if(!USpeckleObjectUtils::ParseVectorProperty(Obj, "upDirection", ReadTransport, UpDirection)) return false;
	// Parse ForwardDirection
	if(!USpeckleObjectUtils::ParseVectorProperty(Obj, "forwardDirection", ReadTransport, ForwardDirection)) return false;

	// Parse IsOrthogonal
	if(!Obj->TryGetBoolField("isOrthogonal", IsOrthogonal)) return false;
	return true;
C++ implementation of the View3D::Parse function 

For required properties, we want to return false if they are missing/invalid, rather than perform fatal assertions or exceptions.
We also want to remove the explicit properties we parse from the DynamicProperties array.

This Parse method is an area we are looking to improve/simplify the developer experiance. There are a few techincal challanges for us to overcome before we can push a native deserializer like the reflection based deserializers we use in the .NET and Python SDK.
Let us know how important this feature is on the forums!

Creating a Converter

Now we have an Object Model defined, we can create a Converter class to define how to convert these objects into Native Actors/Components.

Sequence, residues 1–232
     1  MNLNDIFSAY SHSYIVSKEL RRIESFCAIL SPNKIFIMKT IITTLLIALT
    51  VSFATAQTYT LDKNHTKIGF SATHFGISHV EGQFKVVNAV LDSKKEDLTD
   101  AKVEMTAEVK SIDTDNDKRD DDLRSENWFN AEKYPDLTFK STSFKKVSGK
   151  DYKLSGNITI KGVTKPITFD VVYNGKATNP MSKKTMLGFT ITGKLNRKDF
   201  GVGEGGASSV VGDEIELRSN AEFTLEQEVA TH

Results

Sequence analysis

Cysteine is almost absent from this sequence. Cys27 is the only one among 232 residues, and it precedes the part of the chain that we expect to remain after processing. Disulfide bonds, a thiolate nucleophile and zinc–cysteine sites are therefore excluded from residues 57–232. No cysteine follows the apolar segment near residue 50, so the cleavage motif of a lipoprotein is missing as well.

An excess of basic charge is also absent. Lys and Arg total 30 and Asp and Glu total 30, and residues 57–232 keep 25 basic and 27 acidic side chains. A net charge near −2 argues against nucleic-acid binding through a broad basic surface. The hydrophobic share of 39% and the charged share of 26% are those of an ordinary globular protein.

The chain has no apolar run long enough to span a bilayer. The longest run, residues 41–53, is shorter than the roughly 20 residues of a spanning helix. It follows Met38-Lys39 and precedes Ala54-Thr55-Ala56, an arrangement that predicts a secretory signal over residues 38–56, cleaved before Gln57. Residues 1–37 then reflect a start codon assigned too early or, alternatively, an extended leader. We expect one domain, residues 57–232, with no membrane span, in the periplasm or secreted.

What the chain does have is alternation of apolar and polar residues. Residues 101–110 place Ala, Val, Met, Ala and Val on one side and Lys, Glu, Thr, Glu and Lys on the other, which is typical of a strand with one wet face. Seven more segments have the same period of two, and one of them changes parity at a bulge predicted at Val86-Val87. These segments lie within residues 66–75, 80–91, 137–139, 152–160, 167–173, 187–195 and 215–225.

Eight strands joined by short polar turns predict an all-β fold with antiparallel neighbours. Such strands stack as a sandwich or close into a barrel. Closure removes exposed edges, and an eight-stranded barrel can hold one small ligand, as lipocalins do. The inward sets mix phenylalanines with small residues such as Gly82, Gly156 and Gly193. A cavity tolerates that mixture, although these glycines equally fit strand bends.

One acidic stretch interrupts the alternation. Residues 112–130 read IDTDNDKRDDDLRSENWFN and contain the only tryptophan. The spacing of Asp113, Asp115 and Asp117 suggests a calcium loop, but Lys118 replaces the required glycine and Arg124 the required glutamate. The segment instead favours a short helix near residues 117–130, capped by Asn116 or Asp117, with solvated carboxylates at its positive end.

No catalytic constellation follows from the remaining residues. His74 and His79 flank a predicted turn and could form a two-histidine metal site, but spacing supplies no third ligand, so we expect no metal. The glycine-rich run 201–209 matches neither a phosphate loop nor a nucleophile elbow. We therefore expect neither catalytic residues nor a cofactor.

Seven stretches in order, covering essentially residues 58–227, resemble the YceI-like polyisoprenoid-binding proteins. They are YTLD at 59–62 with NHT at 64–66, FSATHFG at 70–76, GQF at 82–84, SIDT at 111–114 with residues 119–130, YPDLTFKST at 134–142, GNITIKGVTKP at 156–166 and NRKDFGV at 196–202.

This step can be done in either C++ or Blueprint. To keep it simple for this tutorial, we will show it using Blueprint.

First create a new Object blueprint.

Screenshot of Blueprint creation menu, selecting UObject as parent

Then, under Class Settings, add ISpeckleConverter as the interface we are implementing.

Screenshot of Class Settings adding ISpeckleConverter to Implemented Interfaces array

Now, we can see the interface functions we must implement.

Screenshot of ISpeckleConverter interface functions to implement

The first function we shall implement is CanConvertToNative. This is a simple function where we can define what types of Speckle Objects this converter can convert. First we shall create a new member Variable of type Base Class Reference.

We can then set the default value of this set to include our View3D class. In this case, this will be the only type we will convert.

Screenshot of adding View3D type to default value of the SpeckleTypes set

We can then implement our CanConvertToNative function, which will simply check if a given Base Type is in our SpeckleTypes set, evaluating to a bool which we return.

Screenshot of Can Convert To Native blueprint function

Now for the juicy part, implementing our ToNative function! For the interface implementation, we want to first cast SpeckleBase is the type we expect (in our case View3D), then we can create a function ViewToNative that will have our actual ToNative conversion logic.

Screenshot of Convert To Native blueprint function

The ViewToNative to native function will have the following inputs/outputs.

If you are unable to set an input of type World, then add a Spawn Actor in World node, then collapse to function.